Thursday, March 01, 2012

Slosh and Burn

The thought of going to Olango horrified me. I tried not to show it and I hope my wife did not notice it. Perhaps it was the fear of traveling in a pumpboat while carrying my camera and long lens. Although they were stowed in a backpack for easier transportation, images of thousands of dollars' worth of equipment plunging into Davy Jones Locker while crossing the narrow plank to board the boat sort of worried me. Then there was the vision of being caught in the onrushing waters of a coming high tide. Being someone who can drown in a bathtub, that notion scared the bejeebies out of me.

And as it turned out, all that anxiety for nothing.

The planks used for boarding and disembarking from the motorized boats were steady enough for me and my heavy load. Besides there were even improvised handrails and helpful crewmen. What about the high tide? The deepest I got submerged in was up to my ankles only. 

We arrived at the Olango Island Bird Sanctuary around 7:30 am. While registering, we asked the person in charge if Boy the local guide (who was heavily recommended by friends who had been here before) will be coming. To our disappointment we learned that he won't be able to make it since he had to take his child to the hospital. Thankfully, Jun, another employee of the DENR (Department of Energy and Natural Resources), was available and willing to show us where the birds are.  Since it will only be me who will do the bird photography, we agreed that Cynthia will just stay at the observation deck to relax and enjoy the scenery.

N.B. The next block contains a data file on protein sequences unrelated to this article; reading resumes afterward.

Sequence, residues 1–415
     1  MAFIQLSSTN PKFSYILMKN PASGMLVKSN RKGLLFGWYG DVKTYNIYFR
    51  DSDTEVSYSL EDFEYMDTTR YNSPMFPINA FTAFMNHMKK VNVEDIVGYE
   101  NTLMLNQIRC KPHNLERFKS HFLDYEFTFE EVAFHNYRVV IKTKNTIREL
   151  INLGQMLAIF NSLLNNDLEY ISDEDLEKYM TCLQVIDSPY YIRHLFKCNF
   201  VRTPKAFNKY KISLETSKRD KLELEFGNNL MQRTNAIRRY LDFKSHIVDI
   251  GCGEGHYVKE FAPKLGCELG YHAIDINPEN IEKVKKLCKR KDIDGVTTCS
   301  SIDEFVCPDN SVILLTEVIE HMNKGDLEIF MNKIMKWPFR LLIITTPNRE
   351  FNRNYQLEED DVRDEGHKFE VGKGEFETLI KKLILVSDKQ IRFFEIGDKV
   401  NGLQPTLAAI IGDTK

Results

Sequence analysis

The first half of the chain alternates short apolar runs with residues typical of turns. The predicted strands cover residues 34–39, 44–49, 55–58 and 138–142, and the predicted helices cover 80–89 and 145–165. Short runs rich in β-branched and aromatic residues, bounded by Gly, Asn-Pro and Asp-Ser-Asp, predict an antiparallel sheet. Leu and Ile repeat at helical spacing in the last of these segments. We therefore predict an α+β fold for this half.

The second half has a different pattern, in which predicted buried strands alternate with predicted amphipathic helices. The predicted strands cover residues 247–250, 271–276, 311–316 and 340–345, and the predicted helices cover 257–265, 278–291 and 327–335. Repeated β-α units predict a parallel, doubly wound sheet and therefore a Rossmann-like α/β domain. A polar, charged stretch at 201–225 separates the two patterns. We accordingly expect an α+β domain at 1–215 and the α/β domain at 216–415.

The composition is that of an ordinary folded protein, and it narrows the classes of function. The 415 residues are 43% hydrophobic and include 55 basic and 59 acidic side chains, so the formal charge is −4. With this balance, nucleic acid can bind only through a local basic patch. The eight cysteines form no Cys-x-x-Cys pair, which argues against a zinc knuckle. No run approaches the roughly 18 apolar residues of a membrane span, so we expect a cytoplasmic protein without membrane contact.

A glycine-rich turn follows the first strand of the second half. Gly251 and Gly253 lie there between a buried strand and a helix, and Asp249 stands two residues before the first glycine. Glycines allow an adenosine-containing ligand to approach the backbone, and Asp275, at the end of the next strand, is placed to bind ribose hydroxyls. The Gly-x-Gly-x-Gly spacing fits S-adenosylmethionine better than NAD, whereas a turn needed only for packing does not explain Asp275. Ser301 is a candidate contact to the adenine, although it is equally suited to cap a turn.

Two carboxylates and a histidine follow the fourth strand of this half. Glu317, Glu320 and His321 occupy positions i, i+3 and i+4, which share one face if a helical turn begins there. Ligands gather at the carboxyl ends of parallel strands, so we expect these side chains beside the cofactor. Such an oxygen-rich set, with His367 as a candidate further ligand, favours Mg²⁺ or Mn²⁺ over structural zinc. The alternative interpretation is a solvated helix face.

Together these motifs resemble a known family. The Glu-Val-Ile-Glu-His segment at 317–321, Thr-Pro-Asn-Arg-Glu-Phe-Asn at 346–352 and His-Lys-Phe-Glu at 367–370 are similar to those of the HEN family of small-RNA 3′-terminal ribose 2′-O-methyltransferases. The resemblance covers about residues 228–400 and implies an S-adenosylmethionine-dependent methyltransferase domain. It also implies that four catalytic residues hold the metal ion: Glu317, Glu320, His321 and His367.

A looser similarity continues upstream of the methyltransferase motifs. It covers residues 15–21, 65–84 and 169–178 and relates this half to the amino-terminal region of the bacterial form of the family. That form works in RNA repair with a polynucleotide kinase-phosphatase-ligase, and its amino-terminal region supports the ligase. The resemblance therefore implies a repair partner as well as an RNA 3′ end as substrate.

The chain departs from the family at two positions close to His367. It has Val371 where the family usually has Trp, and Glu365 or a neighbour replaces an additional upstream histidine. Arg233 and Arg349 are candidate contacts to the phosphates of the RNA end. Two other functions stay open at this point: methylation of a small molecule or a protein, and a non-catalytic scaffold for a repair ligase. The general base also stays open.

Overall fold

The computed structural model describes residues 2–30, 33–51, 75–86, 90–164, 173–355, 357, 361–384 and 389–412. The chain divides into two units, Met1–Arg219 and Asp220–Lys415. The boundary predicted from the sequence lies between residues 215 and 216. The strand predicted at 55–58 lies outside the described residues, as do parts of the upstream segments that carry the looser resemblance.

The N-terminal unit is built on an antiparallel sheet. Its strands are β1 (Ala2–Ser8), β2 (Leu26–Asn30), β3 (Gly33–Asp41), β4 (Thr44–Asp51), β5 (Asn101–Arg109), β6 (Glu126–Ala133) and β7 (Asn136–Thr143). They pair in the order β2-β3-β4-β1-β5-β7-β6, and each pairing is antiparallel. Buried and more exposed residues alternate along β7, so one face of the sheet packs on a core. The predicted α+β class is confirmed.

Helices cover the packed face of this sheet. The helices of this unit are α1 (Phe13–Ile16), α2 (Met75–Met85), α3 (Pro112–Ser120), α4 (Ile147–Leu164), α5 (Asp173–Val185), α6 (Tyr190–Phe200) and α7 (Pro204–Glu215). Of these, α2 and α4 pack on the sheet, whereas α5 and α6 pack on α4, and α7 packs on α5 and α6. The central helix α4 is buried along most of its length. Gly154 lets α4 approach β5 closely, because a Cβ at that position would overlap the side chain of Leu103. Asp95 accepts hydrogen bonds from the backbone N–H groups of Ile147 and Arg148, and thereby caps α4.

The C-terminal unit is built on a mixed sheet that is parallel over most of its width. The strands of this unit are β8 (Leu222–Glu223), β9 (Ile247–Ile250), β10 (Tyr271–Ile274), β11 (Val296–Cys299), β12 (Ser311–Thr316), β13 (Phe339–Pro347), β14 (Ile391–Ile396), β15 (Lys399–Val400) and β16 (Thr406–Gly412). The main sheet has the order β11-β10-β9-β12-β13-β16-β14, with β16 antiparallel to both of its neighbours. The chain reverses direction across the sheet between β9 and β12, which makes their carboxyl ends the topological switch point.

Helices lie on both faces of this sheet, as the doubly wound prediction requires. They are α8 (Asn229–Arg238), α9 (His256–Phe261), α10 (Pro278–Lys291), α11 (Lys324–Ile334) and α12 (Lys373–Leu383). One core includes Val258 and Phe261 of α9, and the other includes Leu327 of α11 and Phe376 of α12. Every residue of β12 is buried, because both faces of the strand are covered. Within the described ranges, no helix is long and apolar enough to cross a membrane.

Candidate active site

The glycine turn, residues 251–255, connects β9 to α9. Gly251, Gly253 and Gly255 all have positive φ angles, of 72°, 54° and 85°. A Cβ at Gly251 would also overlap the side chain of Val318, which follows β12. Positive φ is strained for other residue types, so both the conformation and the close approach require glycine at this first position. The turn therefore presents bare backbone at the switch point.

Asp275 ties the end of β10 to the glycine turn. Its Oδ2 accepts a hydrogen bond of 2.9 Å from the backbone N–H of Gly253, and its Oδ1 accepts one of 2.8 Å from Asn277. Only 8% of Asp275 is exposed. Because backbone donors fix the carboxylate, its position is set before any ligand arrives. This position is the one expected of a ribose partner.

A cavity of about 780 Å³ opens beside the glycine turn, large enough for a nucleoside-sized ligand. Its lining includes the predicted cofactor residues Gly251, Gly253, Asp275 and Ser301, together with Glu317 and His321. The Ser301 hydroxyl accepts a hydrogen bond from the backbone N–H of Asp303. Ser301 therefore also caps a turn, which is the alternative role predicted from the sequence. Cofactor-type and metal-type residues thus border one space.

The tide was still very low at that time of day and the birds were only specks in the horizon. I was initially wearing a long-sleeved shirt (to protect my arms from sunburn) but by simply walking from the Nature Center to the observation deck my shirt was sopping wet from my perspiration. I had no choice but to take the darn thing off. Half-naked I followed Jun to the haunt of the waders. For more than three hours, we sloshed through the shallow sea waters stopping every so often when a bird appears within photographic distance, roughly about 20 meters or so. The sun was shining fiercely and since the expanse  offered no cover at all,  I got burned badly. Apparently the sunblock my wife smeared all over my torso and arms didn't do much of a job.

At around 11 in the morning, the tide came rushing in. So did the migrant birds. I only had a short window of time before the swift flowing waters drove the waders farther away. Frantic shooting became the norm. Then all of a sudden the birds were gone.

Once again I waded through ankle deep waters and my skin tanned to a degree of redness that was not unlike that of an American Indian. Red Seawalker should have been my name then. Nonetheless, I was all smiles knowing that through my sloshing and burning I have harvested five lifers that morning.

Lifer # 1
Greater Sand Plover
Lifer # 2
Great Knot
Lifer # 3
Eurasian Curlew
Lifer # 4
Terek Sandpiper
Lifer # 5
Little Tern

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